Written by Meg McKinlay
Illustrated by Leila Rudge
Walker Books Australia, 2011; Candlewick Press, US, 2012; Walker Books UK, 2013
Ruby is in charge of this book. And she’ll tell you something right now. There are NO BEARS in it. Not even one.
Ruby wants to tell you a story. A story with absolutely no bears. You don’t need bears for a book. You need pretty things like fairies and princesses and castles. And maybe funny things and exciting things – but definitely no bears!
The multilayered text and illustrations will have kids reading the book over and over; features many well-known fairytale references throughout.
[Readers of the Candlewick edition, please substitute “Ella” for “Ruby”. When No Bears was accepted for US publication, there were altogether “too many Ruby books” and so we decided to change the character’s name so she wouldn’t get lost in the crowd.]
What Readers Are Saying:
‘No Bears has been attracting praise and epithets like ‘instant classic’, and no wonder … This is a book that will delight children and adults alike, and will doubtless become a storytime staple in libraries and pre-schools everywhere.’
– writingWA review, the West Australian
‘No Bears is a delightful ‘look and find’ tale for tiny tots (3+). Humour hiding in the illustrations complements Ruby’s tale to perfection.’
– Kids Book Review
‘Once upon a time there were no bears! No bears and a big monster! Haha! This is one of the best best best books ever!’
– Littlebug and Turkeybird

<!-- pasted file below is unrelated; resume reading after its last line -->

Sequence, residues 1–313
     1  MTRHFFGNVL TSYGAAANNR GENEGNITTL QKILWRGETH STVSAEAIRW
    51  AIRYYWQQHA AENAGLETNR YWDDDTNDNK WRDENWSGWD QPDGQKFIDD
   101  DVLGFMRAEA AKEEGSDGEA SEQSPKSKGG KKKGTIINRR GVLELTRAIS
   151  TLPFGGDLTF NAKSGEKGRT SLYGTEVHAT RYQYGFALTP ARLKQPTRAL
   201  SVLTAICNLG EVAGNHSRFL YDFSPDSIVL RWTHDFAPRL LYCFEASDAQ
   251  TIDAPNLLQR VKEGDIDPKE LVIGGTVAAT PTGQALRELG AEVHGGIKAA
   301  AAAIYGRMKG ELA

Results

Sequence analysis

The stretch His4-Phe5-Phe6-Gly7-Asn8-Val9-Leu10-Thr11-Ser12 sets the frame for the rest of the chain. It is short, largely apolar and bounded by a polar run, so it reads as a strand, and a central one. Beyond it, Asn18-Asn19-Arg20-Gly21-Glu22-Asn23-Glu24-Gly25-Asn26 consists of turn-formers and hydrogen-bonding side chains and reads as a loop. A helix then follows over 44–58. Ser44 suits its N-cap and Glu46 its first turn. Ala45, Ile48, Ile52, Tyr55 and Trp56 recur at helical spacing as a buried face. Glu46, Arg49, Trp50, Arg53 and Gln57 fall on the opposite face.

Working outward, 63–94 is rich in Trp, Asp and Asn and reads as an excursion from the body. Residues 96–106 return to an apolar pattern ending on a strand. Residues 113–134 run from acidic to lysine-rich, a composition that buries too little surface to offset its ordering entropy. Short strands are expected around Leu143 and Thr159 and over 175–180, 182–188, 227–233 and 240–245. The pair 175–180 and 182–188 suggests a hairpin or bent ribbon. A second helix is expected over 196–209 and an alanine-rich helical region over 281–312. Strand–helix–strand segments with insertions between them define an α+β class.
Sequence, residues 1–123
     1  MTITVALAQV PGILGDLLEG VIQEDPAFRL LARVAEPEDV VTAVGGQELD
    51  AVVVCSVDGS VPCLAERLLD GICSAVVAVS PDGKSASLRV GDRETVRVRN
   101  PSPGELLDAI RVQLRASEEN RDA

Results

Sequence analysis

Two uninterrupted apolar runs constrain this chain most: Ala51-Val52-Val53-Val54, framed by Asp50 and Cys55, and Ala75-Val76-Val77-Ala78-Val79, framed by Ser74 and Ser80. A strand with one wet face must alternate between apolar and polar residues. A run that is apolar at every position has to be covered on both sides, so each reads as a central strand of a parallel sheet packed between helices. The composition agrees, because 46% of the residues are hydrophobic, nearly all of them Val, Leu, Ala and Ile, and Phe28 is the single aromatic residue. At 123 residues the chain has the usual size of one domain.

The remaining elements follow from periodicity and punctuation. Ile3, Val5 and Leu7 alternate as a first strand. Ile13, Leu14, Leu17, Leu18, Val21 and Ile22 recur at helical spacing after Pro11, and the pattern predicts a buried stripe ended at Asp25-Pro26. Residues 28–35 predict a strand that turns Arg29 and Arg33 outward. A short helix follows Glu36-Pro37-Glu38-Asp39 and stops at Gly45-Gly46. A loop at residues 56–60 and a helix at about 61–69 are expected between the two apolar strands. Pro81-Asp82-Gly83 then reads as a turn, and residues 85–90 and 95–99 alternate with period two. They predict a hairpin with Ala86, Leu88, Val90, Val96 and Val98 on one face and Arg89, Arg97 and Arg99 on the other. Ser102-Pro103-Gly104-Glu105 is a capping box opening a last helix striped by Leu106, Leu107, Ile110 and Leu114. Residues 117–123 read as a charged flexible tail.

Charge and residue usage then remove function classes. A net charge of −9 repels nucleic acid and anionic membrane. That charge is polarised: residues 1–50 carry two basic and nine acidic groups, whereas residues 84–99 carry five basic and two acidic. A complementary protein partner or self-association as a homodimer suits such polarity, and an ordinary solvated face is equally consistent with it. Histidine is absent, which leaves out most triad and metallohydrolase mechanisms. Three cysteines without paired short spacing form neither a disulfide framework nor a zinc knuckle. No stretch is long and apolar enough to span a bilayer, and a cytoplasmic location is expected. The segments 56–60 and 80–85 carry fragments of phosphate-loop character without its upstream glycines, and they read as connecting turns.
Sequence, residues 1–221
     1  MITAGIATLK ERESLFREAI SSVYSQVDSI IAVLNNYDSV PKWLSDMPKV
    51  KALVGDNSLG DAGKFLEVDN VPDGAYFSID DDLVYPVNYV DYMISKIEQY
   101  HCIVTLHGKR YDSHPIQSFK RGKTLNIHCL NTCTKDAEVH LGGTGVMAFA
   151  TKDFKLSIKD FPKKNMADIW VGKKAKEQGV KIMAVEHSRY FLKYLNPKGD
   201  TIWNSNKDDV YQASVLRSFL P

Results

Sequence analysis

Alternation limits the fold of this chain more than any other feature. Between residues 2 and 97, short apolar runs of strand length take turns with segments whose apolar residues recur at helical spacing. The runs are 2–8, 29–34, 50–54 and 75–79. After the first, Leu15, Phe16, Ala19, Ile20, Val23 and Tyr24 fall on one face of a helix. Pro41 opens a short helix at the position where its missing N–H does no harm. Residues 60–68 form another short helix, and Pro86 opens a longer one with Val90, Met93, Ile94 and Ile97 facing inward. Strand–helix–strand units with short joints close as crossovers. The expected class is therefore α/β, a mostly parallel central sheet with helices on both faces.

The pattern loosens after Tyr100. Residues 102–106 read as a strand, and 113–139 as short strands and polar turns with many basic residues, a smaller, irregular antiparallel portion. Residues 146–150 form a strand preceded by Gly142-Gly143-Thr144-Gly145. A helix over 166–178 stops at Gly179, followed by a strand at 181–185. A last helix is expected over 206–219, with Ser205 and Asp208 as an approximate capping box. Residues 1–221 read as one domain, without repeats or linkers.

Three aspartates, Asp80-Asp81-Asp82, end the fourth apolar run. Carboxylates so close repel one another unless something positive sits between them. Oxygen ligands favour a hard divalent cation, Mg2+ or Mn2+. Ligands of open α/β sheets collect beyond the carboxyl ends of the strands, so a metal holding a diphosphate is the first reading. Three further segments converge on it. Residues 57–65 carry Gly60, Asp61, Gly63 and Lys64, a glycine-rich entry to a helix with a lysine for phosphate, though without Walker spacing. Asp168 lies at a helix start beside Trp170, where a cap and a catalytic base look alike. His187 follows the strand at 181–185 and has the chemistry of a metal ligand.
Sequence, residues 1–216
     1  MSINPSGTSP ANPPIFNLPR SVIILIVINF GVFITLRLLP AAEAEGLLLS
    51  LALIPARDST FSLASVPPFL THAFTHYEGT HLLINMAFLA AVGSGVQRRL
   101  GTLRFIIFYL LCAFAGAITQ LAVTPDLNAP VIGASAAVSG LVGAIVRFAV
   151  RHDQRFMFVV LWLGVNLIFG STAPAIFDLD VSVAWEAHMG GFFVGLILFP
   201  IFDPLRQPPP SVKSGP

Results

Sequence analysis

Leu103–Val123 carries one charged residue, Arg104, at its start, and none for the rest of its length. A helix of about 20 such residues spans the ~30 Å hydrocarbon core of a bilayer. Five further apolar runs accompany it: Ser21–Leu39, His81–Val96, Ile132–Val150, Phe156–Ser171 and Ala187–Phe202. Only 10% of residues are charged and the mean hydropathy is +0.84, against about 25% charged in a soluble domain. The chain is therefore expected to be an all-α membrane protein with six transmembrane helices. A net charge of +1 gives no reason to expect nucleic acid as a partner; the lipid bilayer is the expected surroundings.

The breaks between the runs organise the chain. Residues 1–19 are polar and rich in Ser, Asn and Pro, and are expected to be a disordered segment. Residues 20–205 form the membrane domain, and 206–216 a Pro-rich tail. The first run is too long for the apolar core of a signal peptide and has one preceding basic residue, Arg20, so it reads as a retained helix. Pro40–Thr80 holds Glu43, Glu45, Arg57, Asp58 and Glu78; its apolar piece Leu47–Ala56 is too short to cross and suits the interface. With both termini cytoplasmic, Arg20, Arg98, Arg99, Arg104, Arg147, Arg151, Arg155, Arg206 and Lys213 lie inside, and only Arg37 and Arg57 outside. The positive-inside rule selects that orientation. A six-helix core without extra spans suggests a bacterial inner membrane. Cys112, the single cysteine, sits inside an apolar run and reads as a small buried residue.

‘… a perfect book to read with a group of children over and over again … with each new reading, more things are discovered’
– Liz Derouet, Magpies
‘False advertising! I spotted a bear!’
– astute child readers everywhere
- Shortlisted, Early Childhood Category, CBCA Book of the Year Awards 2012
- Shortlisted, Picture Books Category, CBCA Book of the Year Awards 2012
Download a No Bears Find-a-word
Behind the Story
Curiously, the story that became No Bears grew out of my obsession with ducks. I had been writing another book about a duck called Max and every time I sat down to work, he would pop up in my head – QUACK! – and demand attention. It got to the point where everything I wrote seemed to involve a duck.
One day, out of frustration, I typed the line THERE ARE NO DUCKS IN THIS STORY! And then I went ooh. Because that had given me an idea. It sounded like the voice of a little girl. A little girl confidently telling a story, thinking she was in charge of it and knew everything about it, but all the while in the background, there were other things going on. Things that only the reader could see. Ducks, in fact. Doing duckish things, and actually driving the story forward.
The idea evolved in fits and starts over a couple of years, and by the time I had a draft to send to my editor, the first duck book – Duck for a Day – was already scheduled for publication. I talked it over with my editor and we decided it was best not to do two books about ducks so close together, so we decided to go with bears, which work equally well for the purposes of the story. Since I know all this background, I can’t help smiling to myself over the fact that in the end there really are no ducks in this story.
And of course, there are no bears either. Honestly.